When it comes to eating disorders, the best prevention is early detection! When disordered eating is identified, ensuring people have access to safe and inclusive care is crucial to their recovery process. (For warning signs, read this blog)

If disordered eating is identified, a multidisciplinary approach (including a medical doctor, registered dietitian, mental health professional, and support persons) has been found to be the most effective treatment plan [1]. Due to the relationship between eating disorders and suicide in LGBTQIA2S+ youth, it is imperative that youth receive treatment as soon as disorder eating behaviors are identified [3]. This can mean that treatment starts prior to receiving an official diagnosis.

Remember, you don’t need a diagnosis of an eating disorder in order to be worthy of receiving care. You always have a right to heal, and there is never a bad time to reach out for support.

At The Balanced Practice, we aim to provide inclusive and affirming care to those who struggle with eating disorders/disordered eating. Combining our lived experience with the best clinical guidelines, we are here to guide you through recovery.

Let’s connect. Book a connection call today!

How Eating Disorder Treatment Can Be More Inclusive for LGBTQIA2S+ folks:

In addition to the unique risk factors listed above, LGBTQIA2S+ folks also experience many challenges in accessing treatment and support. Common barriers experienced by LGBTQIA2S+ folks often relate to gaps in the following areas [6]:

Inclusive treatment programs that incorporate up-to-date knowledge, respect, empathy and understanding are imperative to the successful treatment of eating disorders. Here at The Balanced Practice, we ensure that we are able to create a safe and welcoming space for everyone! We have many team members who are part of the LGBTQ2IA2S+ community. We are also gender-affirming and continue to invest in our own learning and education. Our overarching goal is to provide safe and inclusive spaces for all of our clients.

Community connectedness has also been found to decrease the risk of developing an eating disorder. This suggest that being actively involved in the LGBTQIA2S+ community may also help to prevent eating disorders. To read more about the role of communities in eating disorder treatment, read our blog post on the topic here!

Become an Ally:

Even if you don’t belong to the LGBTQIA2S+ community, there are ways you can support this community as an ally. Here are some ways you can help support the treatment and prevention of eating disorders for LGBTQIA2S+ folks:

  1. Educate yourself: Being an ally starts with awareness. Research and learn more about the LGBTQIA2S+ community. There are so many great organizations that aim to support and increase awareness.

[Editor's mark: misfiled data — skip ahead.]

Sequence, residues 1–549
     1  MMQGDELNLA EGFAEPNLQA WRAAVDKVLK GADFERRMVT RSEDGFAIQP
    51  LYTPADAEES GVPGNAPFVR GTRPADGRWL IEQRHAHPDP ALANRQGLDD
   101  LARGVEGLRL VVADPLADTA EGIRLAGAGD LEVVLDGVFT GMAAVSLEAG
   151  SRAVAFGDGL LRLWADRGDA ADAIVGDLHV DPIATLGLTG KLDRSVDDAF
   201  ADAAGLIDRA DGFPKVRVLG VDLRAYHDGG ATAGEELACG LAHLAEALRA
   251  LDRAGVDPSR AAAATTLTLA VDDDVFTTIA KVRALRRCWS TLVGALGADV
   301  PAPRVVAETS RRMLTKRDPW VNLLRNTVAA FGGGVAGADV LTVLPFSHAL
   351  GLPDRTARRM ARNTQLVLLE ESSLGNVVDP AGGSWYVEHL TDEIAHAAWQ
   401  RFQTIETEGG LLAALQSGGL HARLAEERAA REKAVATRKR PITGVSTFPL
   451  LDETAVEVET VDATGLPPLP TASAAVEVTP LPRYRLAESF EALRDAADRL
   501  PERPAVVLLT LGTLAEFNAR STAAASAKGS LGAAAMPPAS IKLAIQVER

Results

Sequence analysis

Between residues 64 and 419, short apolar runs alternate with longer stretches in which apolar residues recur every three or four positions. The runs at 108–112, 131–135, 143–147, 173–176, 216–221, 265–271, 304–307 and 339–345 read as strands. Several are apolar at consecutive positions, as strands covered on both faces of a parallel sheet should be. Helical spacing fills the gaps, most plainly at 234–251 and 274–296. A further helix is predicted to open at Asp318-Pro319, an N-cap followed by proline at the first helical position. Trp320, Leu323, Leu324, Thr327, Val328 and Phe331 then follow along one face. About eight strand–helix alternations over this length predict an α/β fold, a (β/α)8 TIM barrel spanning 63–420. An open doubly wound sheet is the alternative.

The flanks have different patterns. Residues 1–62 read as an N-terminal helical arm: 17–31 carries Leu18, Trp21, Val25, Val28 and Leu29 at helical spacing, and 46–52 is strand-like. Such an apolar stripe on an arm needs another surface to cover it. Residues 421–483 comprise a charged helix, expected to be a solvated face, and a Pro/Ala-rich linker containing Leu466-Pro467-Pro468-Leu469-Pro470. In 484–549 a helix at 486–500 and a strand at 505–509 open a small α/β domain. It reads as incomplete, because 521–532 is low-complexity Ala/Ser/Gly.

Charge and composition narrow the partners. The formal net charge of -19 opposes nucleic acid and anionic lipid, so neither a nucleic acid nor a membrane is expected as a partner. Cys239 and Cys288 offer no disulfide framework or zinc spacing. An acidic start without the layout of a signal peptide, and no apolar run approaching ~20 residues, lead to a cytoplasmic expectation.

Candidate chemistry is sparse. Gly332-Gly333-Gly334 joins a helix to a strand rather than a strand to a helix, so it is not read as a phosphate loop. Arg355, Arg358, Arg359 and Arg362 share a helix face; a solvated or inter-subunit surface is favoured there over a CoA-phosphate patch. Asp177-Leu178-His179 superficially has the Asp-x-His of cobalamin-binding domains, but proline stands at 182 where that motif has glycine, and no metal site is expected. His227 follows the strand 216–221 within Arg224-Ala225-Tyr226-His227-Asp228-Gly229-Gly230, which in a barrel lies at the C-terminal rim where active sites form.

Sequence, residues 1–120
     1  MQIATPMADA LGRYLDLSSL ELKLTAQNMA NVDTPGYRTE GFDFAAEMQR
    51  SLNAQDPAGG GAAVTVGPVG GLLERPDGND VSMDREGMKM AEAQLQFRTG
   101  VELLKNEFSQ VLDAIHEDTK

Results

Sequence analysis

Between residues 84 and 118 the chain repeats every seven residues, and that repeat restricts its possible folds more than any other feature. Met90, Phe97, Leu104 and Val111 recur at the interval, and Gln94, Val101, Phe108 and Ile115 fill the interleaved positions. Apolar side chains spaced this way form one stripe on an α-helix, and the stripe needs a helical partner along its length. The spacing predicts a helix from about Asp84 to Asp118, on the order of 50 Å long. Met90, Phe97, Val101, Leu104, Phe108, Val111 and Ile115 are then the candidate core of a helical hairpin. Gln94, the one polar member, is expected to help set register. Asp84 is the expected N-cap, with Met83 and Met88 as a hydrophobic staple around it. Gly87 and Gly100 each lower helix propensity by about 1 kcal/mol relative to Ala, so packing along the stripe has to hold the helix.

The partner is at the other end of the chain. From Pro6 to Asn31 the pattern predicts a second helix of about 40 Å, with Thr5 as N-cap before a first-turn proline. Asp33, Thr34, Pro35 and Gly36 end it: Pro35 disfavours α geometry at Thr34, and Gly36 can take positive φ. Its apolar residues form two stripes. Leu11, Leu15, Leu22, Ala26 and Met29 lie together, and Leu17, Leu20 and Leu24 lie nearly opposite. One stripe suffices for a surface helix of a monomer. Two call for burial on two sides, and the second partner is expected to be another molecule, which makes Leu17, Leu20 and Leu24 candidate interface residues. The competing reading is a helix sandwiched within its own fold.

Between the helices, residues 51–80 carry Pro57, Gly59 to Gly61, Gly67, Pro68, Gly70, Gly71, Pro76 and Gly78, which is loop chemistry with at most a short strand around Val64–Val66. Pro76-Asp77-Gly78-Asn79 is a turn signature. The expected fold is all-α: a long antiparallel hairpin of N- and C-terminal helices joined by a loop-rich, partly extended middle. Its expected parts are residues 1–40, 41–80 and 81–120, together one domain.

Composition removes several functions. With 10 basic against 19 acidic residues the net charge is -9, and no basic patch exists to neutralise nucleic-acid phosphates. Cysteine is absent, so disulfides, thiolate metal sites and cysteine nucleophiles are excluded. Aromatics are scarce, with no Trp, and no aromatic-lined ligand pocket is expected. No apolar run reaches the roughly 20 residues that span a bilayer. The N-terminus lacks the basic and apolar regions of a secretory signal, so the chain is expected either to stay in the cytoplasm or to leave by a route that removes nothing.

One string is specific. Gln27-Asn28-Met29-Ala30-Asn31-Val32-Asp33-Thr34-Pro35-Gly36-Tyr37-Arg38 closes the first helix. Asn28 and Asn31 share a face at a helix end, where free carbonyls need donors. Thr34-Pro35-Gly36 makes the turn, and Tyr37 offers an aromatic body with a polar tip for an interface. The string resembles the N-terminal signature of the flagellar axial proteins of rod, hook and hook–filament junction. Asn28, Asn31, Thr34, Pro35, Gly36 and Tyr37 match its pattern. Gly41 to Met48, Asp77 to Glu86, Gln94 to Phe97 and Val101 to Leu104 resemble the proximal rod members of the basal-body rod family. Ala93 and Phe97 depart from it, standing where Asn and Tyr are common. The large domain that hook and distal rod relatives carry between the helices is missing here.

2. Advocate: Teachers, parents, coaches, healthcare professionals, and community members will benefit from additional education and awareness related to the heightened risk of eating disorders within the LGBTQIA2S+ community. You can share resources (like this blog) on your social media or with your loved ones!
  3. Create an inclusive space: This can include creating safe and diverse school environments, supporting anti-discrimination policies, creating gender-neutral spaces, including names and pronouns in introductions, and increasing access to gender-affirming care for transgender and non-binary youth [2,3].
  4. BONUS: Support further research relating to eating disorders in the LGBTQIA2S+ community. This research can be used to create evidence-based approaches for screening, prevention, and treatment of eating disorders.

As an ally, it is also important to practice cultural humility.

Cultural humility is a lifelong process of self-reflection and self-exploration combined with a willingness to learn from others [2]. When it comes to learning more about the LGBTQIA2S+ community, it is important to recognize that you can increase your knowledge and understanding through self-education. Self-education helps to prevent the tokenization of people (which can lead to stress and burnout for them). Books, blogs, podcasts, and other queer media are all great ways to educate yourself on LGBTQIA2S+ issues.


Eating disorders impact folks in marginalized communities at a higher degree, such as the LGBTQIA2S+ community. We all have a role to play. By reducing stress for community members, raising awareness of the issues at hand, and increasing access to culturally competent care, we can reduce the risk of both eating disorders and suicide for LGBTQIA2S+ people.

At The Balanced Practice, we aim to provide inclusive and affirming care to those who struggle with eating disorders/disordered eating. Combining our lived experience with the best clinical guidelines, we are here to guide you through recovery.

Let’s connect. Book a connection call today!

Written By: Olivia Kuhlmann, RD, MPH, CDE

Reviewed By: Marie-Pier Pitre D’Iorio, RD, B.Sc. Psychology